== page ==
The earth once felt like this:
a dinner plate encompassed by sea
with a dome of heaven overhead,
a place where you might reach
the rim and stick your arm through
firmament or fall into a great abyss.
Overnight I'd become a spider
mite, a red dot traversing the plains
of Sunday's spread-out Times,
inching past letters, familiar serifs,
arriving at the rough-cut edge, out
past the table's underpinning.
There was nothing holding me
up anymore, or so it seemed then.
(I know my logic's flawed.)
How far can a spider mite drop
before it runs out of silk? Would
eight flailing legs break my fall?
I don't know what I expected—
a sounding bell or a door opening—
but when I woke in the night
and craned my neck to see the time,
I knew at once I was older now
than my father had ever been.
My younger sister telephones to ask
how old she looks. I'm honest: Forty-five.
Fuck you! she says. I try to understand
why she's so sensitive about her age,
so vain about the face she hasn't seen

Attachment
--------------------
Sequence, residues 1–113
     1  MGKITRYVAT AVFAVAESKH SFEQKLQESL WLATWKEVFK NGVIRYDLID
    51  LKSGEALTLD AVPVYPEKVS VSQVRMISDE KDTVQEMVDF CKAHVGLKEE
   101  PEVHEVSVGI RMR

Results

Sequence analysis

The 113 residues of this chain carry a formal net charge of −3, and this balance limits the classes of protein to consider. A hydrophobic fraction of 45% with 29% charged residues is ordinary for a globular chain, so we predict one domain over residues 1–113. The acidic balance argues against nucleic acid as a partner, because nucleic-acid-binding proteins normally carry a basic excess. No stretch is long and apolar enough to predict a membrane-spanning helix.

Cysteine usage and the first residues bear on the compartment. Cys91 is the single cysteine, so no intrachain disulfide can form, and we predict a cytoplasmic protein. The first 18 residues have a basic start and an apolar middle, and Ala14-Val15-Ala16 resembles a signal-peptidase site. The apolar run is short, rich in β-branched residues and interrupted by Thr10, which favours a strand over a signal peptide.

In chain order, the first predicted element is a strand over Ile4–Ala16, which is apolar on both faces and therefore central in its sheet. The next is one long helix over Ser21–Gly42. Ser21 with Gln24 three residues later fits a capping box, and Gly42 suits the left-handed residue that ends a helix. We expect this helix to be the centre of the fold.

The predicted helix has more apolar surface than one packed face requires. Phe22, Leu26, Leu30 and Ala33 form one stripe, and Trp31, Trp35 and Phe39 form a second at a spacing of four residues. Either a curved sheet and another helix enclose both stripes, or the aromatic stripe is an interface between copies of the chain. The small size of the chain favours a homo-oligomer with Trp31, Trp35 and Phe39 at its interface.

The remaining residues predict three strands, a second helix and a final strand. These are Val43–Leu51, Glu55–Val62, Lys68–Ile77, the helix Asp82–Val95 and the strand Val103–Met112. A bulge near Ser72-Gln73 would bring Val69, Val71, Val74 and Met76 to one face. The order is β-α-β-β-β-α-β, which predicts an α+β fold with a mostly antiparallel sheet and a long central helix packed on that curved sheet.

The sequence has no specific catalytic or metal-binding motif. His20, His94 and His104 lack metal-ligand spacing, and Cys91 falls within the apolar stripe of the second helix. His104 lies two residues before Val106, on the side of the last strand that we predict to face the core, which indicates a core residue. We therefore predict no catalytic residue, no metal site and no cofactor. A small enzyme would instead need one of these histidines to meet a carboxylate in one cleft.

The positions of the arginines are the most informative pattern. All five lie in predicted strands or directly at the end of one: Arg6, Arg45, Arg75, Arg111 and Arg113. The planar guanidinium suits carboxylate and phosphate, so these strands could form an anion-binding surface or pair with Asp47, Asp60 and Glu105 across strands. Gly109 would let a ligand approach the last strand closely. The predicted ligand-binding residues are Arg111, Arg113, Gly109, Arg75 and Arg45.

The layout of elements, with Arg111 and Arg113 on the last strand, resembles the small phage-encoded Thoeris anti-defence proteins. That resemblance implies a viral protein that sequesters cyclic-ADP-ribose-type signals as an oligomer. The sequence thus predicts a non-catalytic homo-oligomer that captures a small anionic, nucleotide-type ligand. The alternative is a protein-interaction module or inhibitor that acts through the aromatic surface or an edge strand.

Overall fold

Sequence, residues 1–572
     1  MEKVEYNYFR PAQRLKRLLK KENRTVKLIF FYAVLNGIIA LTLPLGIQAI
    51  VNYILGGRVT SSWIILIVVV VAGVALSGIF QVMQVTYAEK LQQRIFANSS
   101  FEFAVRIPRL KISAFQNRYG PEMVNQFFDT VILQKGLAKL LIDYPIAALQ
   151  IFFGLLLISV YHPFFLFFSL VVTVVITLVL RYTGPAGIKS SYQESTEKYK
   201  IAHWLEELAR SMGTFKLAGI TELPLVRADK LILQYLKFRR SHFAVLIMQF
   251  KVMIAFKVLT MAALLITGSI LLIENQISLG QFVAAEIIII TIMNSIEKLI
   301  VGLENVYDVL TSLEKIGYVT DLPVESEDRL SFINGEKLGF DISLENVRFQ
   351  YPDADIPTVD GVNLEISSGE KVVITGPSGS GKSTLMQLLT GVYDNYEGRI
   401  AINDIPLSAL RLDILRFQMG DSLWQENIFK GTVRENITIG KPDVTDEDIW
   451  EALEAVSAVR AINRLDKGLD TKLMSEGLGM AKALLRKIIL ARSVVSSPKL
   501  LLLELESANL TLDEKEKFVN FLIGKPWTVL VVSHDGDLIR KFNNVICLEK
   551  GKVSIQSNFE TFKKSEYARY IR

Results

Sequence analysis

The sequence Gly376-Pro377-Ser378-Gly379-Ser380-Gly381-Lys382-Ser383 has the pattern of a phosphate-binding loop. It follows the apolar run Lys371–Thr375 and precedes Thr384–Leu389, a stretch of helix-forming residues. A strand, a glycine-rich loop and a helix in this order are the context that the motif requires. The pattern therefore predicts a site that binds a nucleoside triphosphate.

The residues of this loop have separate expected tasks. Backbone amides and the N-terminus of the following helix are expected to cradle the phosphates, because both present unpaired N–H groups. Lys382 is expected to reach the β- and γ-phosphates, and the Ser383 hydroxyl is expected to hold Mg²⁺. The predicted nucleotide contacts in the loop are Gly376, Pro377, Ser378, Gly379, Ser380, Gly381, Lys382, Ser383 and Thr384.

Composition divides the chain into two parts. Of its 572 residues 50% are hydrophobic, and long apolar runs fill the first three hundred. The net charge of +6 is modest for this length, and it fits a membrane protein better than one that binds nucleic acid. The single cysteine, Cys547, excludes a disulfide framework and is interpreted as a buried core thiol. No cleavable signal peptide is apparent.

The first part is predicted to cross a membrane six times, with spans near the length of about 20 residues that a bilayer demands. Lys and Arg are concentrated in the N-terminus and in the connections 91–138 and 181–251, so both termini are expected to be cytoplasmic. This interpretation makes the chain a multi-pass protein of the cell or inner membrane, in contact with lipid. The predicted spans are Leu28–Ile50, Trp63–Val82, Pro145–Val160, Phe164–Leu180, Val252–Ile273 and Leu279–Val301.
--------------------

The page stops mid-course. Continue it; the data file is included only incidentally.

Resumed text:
in twenty years, but I'm the lucky one,
still stuck in her blind eyes at twenty-nine,
the age she claims to be. Can’t she accept
that she is growing older? Or does it feel
like being trapped in rooms with one-way glass?
The whole world passes by, observing her,
while she makes do with blurred reflections
in a teaspoon of the past. But when I ask,
she tells me it’s not that at all, it’s just
a strategy for thinking she has time—
the way I’d set the clock back when I
studied late at night, keeping sleep at bay.
Jane McKinley is a Baroque oboist and artistic director of the Dryden Ensemble. Her work has appeared in The Georgia Review, Five Points, Poetry Daily, and elsewhere. Vanitaswon the 2011 Walt McDonald First-Book Prize. In 2023, she received a fellowship from the New Jersey State Council on the Arts.